The Fight Against Corruption and Impunity in Honduras: Justice for Berta and Beyond

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The 2009 military coup in Honduras cemented the Central American nation as a hotbed of human rights abuses, the new frontier in the U.S.-led War on Drugs, and an all-out plunder of national territory and resources. Those who resist are targeted and killed with a level of impunity unheard of in the 21st century in Latin America; the March 2nd assassination of beloved Indigenous leader Berta Cáceres is an example of state crime and impunity amongst many. Those who head North are often sent back to the very violence and poverty from which they fled. The heart of the crisis is the U.S. policies of militarization, the legitimization of a brutal Honduran State, and the promotion of crony capitalism. For the Honduran people, the results are violent and devastating, but their inspiring resistance continues.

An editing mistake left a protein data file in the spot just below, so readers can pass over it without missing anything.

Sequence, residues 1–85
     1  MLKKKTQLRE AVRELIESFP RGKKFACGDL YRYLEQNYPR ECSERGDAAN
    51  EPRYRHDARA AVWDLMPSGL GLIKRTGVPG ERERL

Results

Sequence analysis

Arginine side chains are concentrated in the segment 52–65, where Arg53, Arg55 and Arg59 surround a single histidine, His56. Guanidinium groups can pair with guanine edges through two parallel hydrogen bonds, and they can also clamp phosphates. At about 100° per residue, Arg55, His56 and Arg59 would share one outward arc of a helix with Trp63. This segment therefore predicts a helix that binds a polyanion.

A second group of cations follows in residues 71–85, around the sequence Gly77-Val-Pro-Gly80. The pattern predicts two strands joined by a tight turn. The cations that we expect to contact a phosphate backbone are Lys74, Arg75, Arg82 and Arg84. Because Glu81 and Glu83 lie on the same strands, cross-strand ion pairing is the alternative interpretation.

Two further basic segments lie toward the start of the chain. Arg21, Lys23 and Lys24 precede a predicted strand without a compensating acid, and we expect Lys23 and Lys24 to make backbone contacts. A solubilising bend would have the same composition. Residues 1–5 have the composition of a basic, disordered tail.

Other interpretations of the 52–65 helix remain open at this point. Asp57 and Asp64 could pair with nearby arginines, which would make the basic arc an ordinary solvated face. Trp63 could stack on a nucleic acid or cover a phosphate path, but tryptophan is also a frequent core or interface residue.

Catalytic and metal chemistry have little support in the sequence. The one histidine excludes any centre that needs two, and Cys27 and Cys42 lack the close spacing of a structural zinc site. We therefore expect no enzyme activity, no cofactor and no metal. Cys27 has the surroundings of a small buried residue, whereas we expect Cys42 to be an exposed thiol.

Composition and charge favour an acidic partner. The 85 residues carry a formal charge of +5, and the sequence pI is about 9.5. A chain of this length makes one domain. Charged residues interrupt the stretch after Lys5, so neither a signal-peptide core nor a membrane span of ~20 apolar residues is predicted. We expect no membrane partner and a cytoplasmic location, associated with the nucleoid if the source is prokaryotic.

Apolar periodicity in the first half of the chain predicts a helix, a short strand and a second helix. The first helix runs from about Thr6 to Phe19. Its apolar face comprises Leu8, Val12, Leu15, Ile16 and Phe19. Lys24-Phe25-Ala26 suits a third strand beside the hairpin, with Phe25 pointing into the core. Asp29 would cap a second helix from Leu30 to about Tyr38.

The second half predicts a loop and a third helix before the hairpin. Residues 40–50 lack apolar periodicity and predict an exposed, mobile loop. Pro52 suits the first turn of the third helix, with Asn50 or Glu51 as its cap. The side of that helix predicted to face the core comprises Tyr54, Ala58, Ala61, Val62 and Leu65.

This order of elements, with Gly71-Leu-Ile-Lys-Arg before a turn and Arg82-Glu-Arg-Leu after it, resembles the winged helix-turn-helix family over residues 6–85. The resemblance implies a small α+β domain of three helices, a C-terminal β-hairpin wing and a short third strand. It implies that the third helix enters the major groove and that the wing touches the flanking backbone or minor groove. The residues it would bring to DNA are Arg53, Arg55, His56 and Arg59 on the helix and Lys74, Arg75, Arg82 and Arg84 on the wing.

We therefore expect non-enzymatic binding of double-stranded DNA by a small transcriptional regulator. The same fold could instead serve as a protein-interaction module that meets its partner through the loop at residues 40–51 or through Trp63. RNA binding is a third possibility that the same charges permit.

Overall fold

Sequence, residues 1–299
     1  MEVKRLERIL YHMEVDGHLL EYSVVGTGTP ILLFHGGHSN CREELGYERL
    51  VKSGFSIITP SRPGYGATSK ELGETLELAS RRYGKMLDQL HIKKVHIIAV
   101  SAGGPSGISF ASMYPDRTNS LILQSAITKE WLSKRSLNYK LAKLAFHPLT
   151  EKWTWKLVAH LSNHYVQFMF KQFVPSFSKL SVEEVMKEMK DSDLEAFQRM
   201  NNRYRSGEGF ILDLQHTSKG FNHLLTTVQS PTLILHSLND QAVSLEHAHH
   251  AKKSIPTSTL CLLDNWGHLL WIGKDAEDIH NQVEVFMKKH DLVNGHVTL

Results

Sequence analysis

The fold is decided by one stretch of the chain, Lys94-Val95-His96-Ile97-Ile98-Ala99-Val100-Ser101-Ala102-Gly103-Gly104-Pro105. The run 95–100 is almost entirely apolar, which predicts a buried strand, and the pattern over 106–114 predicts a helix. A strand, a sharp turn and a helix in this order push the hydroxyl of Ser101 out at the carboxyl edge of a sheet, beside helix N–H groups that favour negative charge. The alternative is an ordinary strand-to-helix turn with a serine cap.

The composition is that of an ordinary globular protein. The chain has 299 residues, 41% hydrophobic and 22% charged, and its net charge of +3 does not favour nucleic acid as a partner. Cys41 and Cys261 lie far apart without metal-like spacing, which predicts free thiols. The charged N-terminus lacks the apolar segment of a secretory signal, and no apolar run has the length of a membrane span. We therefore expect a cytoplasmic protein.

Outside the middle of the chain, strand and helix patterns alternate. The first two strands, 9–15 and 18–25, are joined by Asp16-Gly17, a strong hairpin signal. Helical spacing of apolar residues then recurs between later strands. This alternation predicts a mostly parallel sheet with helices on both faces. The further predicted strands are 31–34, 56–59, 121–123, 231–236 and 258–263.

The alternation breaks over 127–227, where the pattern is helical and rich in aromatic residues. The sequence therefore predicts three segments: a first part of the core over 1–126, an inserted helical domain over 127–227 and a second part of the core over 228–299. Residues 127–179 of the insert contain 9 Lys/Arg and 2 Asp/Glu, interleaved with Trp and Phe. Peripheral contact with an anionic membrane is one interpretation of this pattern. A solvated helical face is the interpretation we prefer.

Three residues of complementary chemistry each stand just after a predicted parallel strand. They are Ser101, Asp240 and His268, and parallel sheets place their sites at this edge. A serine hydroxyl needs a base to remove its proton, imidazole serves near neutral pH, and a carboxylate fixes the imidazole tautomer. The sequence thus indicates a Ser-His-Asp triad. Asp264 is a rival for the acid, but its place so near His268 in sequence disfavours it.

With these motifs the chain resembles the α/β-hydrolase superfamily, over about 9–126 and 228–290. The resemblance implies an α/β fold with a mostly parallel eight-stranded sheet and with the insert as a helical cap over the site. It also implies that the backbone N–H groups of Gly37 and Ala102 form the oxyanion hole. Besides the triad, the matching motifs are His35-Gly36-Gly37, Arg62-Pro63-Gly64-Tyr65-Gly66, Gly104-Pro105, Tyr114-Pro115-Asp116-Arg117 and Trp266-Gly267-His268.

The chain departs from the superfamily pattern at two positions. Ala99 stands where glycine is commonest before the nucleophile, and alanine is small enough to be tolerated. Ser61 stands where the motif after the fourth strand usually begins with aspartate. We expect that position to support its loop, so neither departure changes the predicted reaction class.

Martín Fernández is the National Coordinator of the Movement for Dignity and Justice (MADJ), which seeks to expose and combat state violence and corruption, while organizing communities around the principles of self-determination, ecological sustainability, and collective resistance. The grassroots organization has been routinely subjected to threats and intimidation due to their human rights work. Martín will discuss this work in the context of Honduras today, and today, and how U.S. policies and security aid contribute directly to the ongoing crisis.

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